Most farmers will agree that working dogs play a crucial part in the day-to-day running of a successful farm. So it’s important that you’re fully aware of your legal obligations and responsibilities associated with owning working dogs. If you don’t, there’s a risk of substantial fines and possibly a conviction.
Registration and micro-chipping
All dogs over the age of three months must be registered with their local council. It’s an owner’s responsibility to register each of their dogs and to renew registrations by 31 July each year. Local councils update the National Dog Database annually which enables them to monitor lost or dangerous dogs.
Since 1 July 2006 dogs in New Zealand have had to be micro-chipped. Working dogs, however, are excluded from this requirement. Working dogs are specifically defined under the Dog Control Act 1996 as dogs used solely or principally for the purpose of herding or driving stock. Dogs of this description are not required to be micro-chipped as provided for by s36A of this legislation. Having said that, working dogs must be registered and wear a collar with the council-provided disc or label.
We stress that this exemption applies to working dogs only; any dogs kept on farms as family pets or used for recreational hunting must be micro-chipped. If you fail to register or micro-chip these dogs, you can be fined up to $300.
Dog owners are often distracted by their pet’s loyalty and personality, and forget that their dog may not greet strangers in the same loving manner as they greet them. Unfortunately, dog attacks are becoming more frequent and often make news headlines. The Dog Control Act was established to ensure owners are aware of their responsibilities and to ensure that their dogs are controlled at all times.
Many people come on to farms including family, friends, posties, vets and contractors. It’s not safe to presume that because your dog is on your property that it will not be bound by the provisions in the legislation. If your dog attacks a person, another animal or protected wildlife, you may be fined up to $3,000 and your dog may be destroyed. If your dog causes serious injury (or death) to a person, animal or to protected wildlife you may be imprisoned for up to three years or fined up to $20,000.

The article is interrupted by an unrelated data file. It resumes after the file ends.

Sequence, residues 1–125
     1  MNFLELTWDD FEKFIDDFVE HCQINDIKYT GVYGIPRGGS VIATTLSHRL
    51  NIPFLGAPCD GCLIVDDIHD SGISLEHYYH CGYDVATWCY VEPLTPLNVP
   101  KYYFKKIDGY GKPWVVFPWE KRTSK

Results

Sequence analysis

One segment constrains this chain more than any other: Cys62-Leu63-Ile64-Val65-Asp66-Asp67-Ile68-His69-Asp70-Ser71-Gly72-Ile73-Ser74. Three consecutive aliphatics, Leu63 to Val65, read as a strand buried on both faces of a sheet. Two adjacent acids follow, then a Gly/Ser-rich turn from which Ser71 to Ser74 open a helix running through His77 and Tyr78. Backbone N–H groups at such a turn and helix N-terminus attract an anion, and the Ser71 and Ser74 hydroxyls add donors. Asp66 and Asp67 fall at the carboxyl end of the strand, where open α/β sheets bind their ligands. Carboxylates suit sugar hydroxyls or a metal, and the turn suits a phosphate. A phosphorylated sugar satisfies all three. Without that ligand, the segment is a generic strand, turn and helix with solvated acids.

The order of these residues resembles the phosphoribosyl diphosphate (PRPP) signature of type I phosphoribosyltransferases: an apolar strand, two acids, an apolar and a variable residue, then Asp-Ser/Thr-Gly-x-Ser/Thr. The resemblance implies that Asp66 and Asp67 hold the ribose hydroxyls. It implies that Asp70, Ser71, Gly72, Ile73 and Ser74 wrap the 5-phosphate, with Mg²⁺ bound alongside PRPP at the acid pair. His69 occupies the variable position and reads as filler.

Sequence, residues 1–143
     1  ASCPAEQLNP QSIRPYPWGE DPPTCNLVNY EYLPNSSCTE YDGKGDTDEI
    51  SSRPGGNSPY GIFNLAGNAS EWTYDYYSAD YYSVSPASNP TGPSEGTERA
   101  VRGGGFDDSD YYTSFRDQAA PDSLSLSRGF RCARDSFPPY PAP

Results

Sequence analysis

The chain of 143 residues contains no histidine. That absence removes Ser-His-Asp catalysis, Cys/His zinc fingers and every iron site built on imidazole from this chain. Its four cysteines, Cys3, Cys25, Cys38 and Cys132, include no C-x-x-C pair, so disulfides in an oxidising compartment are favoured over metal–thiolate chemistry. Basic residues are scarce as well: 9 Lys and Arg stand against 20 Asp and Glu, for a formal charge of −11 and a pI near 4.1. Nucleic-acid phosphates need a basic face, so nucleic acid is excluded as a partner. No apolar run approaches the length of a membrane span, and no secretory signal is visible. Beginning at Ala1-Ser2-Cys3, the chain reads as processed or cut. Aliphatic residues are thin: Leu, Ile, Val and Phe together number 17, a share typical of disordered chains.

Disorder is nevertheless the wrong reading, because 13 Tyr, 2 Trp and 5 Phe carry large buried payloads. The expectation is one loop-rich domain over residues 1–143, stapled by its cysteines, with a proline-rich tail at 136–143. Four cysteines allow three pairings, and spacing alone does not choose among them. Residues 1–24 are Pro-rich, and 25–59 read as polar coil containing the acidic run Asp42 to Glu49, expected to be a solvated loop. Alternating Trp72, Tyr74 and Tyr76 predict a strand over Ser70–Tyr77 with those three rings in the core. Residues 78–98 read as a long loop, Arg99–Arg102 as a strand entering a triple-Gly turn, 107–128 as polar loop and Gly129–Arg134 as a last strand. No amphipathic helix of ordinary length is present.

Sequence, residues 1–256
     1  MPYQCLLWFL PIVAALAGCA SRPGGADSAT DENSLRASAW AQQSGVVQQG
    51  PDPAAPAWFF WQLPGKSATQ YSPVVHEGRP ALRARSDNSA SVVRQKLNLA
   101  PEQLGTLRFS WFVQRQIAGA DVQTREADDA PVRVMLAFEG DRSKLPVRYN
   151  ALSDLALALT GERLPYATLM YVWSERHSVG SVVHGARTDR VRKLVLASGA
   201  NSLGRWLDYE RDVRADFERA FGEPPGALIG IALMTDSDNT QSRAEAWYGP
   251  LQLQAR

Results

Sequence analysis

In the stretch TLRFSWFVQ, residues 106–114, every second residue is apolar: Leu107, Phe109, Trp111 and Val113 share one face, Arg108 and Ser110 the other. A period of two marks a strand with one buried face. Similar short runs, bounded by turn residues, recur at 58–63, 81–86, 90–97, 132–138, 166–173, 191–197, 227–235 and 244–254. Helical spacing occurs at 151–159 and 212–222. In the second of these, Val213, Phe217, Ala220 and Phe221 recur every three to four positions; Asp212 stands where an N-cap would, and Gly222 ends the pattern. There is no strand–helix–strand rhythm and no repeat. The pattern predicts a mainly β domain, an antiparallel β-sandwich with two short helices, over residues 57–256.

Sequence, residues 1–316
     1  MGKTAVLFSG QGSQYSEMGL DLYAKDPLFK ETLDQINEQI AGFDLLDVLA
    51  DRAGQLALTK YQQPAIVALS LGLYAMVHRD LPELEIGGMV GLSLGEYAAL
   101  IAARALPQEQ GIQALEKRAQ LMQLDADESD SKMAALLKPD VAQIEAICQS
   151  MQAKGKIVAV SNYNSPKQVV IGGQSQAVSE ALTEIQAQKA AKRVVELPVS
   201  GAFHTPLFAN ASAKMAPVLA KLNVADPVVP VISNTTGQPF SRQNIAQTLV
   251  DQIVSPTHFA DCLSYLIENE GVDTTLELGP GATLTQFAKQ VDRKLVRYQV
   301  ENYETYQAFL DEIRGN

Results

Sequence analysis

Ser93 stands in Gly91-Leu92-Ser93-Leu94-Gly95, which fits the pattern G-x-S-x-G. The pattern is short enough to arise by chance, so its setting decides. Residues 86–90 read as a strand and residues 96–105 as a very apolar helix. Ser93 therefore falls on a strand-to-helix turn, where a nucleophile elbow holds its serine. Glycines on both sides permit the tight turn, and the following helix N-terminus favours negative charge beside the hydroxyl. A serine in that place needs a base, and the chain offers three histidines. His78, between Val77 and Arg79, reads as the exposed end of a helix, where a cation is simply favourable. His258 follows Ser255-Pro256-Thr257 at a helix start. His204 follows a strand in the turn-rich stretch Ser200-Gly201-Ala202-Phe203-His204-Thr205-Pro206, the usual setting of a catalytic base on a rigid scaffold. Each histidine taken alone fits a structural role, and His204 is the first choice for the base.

If your dog attacks a person or animal and no destruction order is made, your local council can classify your dog as dangerous, meaning it must be kept within a fenced area, neutered, muzzled and kept on a leash in public places.
Protection of working dogs
It’s difficult to hear about the mistreatment of working dogs, however it’s a reality that is around us. If someone abuses or neglects a dog which leads to that animal’s death, they can be banned from owning dogs in the future. In the worst case scenario, they could receive a fine of up to $100,000 and be sentenced to up to five years in prison. If an individual receives multiple fines or is found guilty of a serious offence, councils may ban that person from owning a dog for up to five years. Furthermore, councils have the right to seize any dog from an owner if they consider the animal to be at risk or if that owner has been previously banned.
Look after your dogs
It’s important to understand the obligations associated with owning working dogs. It’s your responsibility to ensure that each of your dogs is property registered, adequately cared for and controlled within their environment. Failure to do this can be devastating (on many fronts) and may possibly result in fines or conviction which impact not only on your dog but also you as the owner.